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#266 Intersectionality…and Other Jargon in the Philanthropy Sector – Updated

March 29th, 2017

Richard Marker

We recently spoke with an NFP executive who was becoming skeptical about the value of doing a strategy process. He had been charged by a funder with updating his organization’s strategy. He had several models in front of him, had heard about strategic planning, strategic framing, and who knows what other formulations. Each one has a meaning, and different consultants have their own approaches. Many methodologies can be effective, but none are fully coherent without explanations, and not all are appropriate in every context. Developing strategies for foundations, philanthropists, non-profits, or private businesses can be a very useful exercise but the words “strategic planning” by themselves are jargon. No wonder this executive was a bit of a skeptic.

I suspect that most would agree that the winner of the jargon word of the decade is “impact.” Seven or eight years ago I taught the first of several advanced week-long courses for funders and foundation professionals on “impact philanthropy.” I invited a variety of experts in the field to co-present. I knew that they each had very different approaches from one another, but, at the time, each was quite sure that his or her own understanding was the definitive one. Investment models, outcomes, theories of change, PRI’s, policy advocacy – all used the term “impact”. No wonder there are so many conferences and webinars and courses and newsletters all telling about “Impact.” When you need that many conferences just to explain what you mean, that is jargon.

There are all sorts of words that we hear in our field: metrics, evidence based, disruption, catalytic, bandwidth, partnership, so many more…. Each can be misunderstood, and each can have connotations that only the cognoscenti can fully comprehend. When that is the case, why not try to speak in non jargonese? Why not try English [or whatever language you actually use where you live and work]?

Which brings us to “intersectionality”. It is the word of the year. I have heard it in complex and sophisticated syntax articulated by philanthropoids far and wide.

For some, it is a political statement defining the interwoven nature of how the powerful maintain control over the powerless. It posits that if one doesn’t address this inequity as a totality, one is a perpetrator of injustice. Not honoring any single part of that complex whole disrespects, the entirety.

For others, the word is more descriptive and less proscriptive. It suggests that to address and redress systemic issues, one must incorporate an understanding of how different sectors, and subsectors are integrated. No single sector, government, business, NGO/NFP, or philanthropist has the capability by itself to solve these issues, and no single topic within those systemic issues is sufficient.

The challenge of the word, of course, is that unless one explains what one means, it is not clear. Moreover, and even more significant for our field, it in no way makes clear what one actually does with either interpretation to make a difference.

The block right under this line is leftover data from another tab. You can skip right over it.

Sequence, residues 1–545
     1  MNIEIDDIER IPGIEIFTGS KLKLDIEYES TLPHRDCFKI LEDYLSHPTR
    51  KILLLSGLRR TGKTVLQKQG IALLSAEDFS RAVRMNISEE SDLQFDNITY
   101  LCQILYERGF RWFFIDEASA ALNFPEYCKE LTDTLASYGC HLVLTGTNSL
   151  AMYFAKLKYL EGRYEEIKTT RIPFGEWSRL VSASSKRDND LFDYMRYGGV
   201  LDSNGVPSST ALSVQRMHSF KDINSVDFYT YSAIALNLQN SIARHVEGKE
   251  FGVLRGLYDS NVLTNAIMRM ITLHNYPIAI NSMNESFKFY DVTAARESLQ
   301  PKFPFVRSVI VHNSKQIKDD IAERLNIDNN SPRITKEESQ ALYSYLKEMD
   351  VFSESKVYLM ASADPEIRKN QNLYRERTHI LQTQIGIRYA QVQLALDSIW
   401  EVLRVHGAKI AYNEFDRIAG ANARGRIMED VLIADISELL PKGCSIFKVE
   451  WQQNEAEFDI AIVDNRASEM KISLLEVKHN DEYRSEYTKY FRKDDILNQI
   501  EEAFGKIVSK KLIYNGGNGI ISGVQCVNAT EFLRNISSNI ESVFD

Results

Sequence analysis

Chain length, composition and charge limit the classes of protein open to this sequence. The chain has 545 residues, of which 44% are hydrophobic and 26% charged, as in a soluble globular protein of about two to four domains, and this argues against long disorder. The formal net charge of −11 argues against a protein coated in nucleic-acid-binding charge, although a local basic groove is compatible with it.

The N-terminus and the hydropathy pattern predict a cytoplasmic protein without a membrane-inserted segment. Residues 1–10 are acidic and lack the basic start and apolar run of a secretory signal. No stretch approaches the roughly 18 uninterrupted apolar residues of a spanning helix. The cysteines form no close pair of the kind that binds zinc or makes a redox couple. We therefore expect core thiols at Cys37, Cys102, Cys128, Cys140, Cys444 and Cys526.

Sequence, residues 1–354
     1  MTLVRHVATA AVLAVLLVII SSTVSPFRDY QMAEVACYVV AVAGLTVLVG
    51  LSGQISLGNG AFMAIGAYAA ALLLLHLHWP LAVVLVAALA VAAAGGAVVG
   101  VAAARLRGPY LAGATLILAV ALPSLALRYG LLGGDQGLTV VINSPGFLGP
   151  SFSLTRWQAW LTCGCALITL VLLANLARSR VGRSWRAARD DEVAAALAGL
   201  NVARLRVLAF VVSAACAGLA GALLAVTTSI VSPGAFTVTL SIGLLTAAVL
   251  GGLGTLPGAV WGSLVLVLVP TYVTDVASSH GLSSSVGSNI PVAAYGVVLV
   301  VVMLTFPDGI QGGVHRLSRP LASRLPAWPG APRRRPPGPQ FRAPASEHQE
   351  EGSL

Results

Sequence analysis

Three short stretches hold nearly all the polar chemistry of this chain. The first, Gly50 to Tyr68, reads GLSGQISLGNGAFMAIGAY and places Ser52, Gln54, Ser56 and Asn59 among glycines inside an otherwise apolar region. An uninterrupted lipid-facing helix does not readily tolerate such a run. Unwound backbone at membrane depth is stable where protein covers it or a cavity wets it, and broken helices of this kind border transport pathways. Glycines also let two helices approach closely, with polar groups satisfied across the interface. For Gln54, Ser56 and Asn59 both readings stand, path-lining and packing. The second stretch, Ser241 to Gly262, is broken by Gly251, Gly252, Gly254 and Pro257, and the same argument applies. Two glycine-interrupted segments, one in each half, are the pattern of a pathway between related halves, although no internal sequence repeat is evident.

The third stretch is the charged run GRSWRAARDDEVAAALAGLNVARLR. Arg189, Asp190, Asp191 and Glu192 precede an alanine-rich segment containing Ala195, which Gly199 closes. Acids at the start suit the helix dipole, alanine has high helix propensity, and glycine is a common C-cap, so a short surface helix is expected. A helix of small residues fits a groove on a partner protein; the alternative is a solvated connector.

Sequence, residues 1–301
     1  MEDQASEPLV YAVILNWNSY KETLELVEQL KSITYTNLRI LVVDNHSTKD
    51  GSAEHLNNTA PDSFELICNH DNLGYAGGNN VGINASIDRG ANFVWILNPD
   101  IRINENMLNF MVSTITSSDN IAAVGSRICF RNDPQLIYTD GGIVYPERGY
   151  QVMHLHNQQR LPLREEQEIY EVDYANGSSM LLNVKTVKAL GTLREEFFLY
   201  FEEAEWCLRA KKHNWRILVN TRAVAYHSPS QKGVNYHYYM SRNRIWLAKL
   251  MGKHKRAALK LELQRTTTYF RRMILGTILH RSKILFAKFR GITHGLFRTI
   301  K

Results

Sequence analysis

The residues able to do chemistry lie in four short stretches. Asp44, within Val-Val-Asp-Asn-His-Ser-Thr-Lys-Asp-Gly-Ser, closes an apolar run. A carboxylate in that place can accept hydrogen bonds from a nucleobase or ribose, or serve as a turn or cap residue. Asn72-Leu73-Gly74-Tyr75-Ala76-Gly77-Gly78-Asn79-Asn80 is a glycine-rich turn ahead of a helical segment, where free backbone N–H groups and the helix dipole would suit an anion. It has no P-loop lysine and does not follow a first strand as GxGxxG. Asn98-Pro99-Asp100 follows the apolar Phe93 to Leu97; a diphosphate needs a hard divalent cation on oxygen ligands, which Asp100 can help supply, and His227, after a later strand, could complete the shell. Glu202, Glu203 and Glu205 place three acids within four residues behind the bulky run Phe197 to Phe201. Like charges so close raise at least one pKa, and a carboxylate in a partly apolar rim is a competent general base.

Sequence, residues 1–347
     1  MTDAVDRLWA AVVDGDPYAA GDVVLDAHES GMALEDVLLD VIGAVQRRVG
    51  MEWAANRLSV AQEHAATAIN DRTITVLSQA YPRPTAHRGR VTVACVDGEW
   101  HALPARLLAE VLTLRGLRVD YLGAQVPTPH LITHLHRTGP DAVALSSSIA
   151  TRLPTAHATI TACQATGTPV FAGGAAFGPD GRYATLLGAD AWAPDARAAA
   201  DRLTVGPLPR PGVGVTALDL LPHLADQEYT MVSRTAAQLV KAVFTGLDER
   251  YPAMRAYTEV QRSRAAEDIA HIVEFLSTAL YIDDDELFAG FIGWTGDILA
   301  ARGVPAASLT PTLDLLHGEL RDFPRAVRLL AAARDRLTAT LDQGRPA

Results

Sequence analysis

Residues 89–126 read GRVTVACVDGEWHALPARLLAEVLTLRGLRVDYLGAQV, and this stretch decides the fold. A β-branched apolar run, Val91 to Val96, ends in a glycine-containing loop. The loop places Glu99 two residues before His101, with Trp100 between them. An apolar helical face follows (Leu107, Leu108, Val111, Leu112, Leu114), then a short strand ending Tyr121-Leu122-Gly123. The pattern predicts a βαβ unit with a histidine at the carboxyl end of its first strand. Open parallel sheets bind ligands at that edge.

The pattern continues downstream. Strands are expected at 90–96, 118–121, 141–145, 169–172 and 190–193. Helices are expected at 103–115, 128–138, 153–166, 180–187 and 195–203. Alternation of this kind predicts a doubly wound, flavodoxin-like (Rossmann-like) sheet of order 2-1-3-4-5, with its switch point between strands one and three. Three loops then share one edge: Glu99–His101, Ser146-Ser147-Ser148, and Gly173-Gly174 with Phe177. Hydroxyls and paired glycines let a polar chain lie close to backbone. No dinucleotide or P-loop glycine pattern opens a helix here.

By the way, “making a difference” is also jargon. It is appealing for funders but by itself is not very descriptive even though we hear it all the time.

As a regular attendee at philanthropy conferences and wealth management briefings, I see how easy it is for practitioners to slip into facile shorthand often incomprehensible to those not well traveled in these fields. And as a quondam professor of philanthropy, I see how easy it is for academics to slip into that special brand of polysyllabic and grandiloquent discourse only used in the Ivory Tower. [I hope you got that last sentence was self-mocking.]

I have been guilty of both and have been called on them. I have learned the hard way.

That is why we work hard to make ourselves understood, our ideas coherent and our approach pragmatic. There is no reason that one needs to indulge in jargon to communicate complex ideas. And there is every reason to affirm that clear communication helps our grantees, our clients, our colleagues, and ultimately our field as a whole.


After this was first published, some of the feedback showed that some readers thought that I was suggesting that “jargon” means the absence of substantive meaning. Quite the contrary: jargon emerges because it becomes a shorthand for ideas that matter. To take but two examples:

My own professional work is as a strategist for philanthropists and foundations: surely I believe that it has substance. I do, though, urge that people explain what we/they mean by that, what methodologies we and others use, and how it applies in a particular context.

Similarly, “impact” has acquired a series of useful meanings. The High Impact methodology that the Penn CHIP program has developed can be a very productive tool for funders who want to choose an optimal way to bring about change in a particular field. On the hand, foundations use impact investment strategies as a tool to make financial resources more effectively align with their mission and raison d’etre. Here too there are a number of applied approaches that are changing the way philanthropic dollars are invested.

The point of the piece is that the words that become jargon assume that the meanings are obvious. All too often they aren’t and the use of the jargon can obfuscate. Thus the plea for less jargon and more clarity.

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